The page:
The owners, Payal and Willy are a charming young couple. Payal does all the cooking and she says essentially she identifies herself as a housewife and cooks everyday based on what she feels like and what’s available. Because the food is different every day she insisted we sample everything before ordering. We were given a tiny silver bowl and proffered a generous taste of all of her preparations which included lentil daal and curries of potato, mustard greens, garbanzo beans, cabbage, and a meat substitute prepared with graham flour. We made our choices and for $6.99 we received a good samosa, sweet lassi, chai tea, two curries, rice, raita, pickle and daal. With the except of the graham flour the ingredients and preparations appeared similar to the Punjabi cuisine we are accustomed to but the spicing was mind blowingly distinctive, much more complex, nuanced and vaguely floral. Payal and Willy are from Rajasthan and say that Southern Indian food is not much represented in Southern California. Apparently there’s a substantial Indian population in the Lancaster area, many in the medical and engineering professions. Payal and Willy are proud though that much of their clientele is Caucasian and that many of their frequent repeat customers had never tried Indian food before eating at Masala Magic.

    The showed off a pretty little side room, freshly painted with a charming mural by one of their daughters. The kids are very at home at the restaurant and were intrigued by our strapping teenage boys. The annex is fitted with low tables and pillows to resemble an ashram. By reservation on Friday and Saturday nights Payal and Willy are hosting a special all you can eat dinner. Each setting is limited to ten customers who will sit on the floor. The meals will be eaten in the traditional manner, by hand. I will add that no forks were available in the regular restaurant either, only plastic spoons. My only other tiny issue was that the meal was served with roti which I found rather dry compared to naan or chapati. Nevertheless, discovering destination dining in Lancaster was a wonderful surprise and we’ll certainly return, even if the wildflowers aren’t in bloom.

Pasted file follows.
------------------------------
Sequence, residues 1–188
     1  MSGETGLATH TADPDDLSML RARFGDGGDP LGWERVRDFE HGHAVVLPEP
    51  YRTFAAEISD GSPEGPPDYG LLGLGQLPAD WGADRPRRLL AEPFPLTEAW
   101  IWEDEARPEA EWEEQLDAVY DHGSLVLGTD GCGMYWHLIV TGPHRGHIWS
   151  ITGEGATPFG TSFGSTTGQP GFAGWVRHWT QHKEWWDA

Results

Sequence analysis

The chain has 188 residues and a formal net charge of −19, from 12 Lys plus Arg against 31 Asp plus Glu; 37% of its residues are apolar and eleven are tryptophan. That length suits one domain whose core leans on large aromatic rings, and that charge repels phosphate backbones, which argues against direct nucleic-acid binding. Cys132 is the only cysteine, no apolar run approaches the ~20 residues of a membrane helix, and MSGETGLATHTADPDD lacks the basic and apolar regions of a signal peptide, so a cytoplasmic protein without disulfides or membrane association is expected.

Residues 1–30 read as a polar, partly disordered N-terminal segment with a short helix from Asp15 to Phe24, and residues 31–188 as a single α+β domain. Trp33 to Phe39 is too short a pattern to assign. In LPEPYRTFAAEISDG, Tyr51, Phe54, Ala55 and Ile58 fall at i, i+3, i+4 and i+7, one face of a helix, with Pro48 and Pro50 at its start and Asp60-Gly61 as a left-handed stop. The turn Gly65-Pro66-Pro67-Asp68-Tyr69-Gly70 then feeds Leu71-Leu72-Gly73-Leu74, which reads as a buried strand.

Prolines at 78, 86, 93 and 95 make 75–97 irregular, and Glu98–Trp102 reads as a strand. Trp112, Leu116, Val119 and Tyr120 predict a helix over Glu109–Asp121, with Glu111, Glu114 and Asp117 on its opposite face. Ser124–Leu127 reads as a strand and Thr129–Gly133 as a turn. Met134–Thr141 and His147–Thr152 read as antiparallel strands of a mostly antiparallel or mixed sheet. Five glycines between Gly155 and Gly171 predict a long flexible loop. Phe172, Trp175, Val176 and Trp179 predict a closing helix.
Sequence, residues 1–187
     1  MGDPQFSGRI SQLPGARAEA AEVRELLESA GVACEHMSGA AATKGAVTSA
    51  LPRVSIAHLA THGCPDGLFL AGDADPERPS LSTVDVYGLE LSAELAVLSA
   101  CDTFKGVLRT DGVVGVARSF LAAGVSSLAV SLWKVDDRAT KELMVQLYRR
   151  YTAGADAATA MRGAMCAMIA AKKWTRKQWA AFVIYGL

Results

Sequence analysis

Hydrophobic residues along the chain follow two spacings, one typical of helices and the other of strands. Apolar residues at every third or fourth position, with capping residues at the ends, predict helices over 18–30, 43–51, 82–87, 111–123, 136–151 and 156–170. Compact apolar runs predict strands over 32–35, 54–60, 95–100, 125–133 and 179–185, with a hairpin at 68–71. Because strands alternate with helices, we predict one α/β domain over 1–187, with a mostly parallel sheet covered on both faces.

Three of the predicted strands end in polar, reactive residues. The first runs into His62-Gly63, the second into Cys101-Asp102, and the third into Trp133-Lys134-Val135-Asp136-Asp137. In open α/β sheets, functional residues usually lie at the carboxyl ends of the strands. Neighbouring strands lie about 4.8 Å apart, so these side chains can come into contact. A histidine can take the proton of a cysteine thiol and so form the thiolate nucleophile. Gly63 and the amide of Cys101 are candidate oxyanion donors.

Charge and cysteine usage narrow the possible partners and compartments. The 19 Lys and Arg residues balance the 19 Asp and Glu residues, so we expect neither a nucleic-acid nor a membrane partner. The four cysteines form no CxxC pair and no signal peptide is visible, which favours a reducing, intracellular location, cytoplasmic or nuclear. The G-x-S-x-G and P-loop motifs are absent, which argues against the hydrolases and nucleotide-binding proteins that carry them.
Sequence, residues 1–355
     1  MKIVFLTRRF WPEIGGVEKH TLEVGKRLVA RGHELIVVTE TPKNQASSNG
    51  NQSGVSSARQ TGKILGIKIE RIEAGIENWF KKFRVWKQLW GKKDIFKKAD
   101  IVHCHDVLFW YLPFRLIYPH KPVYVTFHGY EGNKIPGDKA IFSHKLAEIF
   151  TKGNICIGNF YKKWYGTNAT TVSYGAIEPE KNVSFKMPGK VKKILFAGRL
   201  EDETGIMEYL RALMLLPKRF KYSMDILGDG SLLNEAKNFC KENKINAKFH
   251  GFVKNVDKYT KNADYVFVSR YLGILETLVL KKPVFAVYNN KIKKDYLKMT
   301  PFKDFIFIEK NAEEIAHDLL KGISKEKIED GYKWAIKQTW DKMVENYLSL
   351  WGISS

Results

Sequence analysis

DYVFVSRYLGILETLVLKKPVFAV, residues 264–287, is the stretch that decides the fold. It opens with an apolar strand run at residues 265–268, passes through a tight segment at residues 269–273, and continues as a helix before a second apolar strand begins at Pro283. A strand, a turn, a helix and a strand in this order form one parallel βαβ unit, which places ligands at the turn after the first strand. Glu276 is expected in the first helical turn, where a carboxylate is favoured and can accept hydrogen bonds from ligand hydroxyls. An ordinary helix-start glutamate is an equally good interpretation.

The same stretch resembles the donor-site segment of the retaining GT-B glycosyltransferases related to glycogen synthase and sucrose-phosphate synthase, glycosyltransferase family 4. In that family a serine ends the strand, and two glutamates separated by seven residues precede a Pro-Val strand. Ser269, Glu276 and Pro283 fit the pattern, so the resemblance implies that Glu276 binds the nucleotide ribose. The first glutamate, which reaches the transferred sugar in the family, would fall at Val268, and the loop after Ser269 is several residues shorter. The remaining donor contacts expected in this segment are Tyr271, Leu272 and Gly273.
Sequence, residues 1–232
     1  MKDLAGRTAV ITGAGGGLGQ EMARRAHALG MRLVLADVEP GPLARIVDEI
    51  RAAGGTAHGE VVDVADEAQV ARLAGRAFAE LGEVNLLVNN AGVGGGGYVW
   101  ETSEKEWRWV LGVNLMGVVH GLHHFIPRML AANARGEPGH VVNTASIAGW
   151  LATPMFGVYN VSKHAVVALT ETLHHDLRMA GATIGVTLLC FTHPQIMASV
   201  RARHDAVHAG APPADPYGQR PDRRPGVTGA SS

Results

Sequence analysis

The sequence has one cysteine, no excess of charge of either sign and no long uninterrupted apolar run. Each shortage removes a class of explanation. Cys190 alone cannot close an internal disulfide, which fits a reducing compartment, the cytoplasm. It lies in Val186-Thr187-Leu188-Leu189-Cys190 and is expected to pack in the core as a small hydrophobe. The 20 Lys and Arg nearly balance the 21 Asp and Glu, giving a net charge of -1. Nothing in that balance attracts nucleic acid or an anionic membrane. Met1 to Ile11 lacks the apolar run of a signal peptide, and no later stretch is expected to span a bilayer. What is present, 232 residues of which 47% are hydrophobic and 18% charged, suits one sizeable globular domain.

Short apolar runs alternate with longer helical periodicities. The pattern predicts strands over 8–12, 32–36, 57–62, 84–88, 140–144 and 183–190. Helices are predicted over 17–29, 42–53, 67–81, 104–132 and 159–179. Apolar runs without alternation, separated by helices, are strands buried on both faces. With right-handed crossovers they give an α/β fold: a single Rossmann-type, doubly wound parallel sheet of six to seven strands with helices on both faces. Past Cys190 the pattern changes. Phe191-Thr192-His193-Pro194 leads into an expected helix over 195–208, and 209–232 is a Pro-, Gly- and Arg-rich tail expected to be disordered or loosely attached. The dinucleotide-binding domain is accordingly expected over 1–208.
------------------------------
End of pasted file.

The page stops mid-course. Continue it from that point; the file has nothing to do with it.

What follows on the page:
1 Reply
    1. re: Layne Murphy

      Heading up this way next weekend. Thanks for the suggestion. It sounds like a good one and almost worth the trip. Sounds like it will be good place to look for ginger candies.

    2. Thank you I will try it when I go there.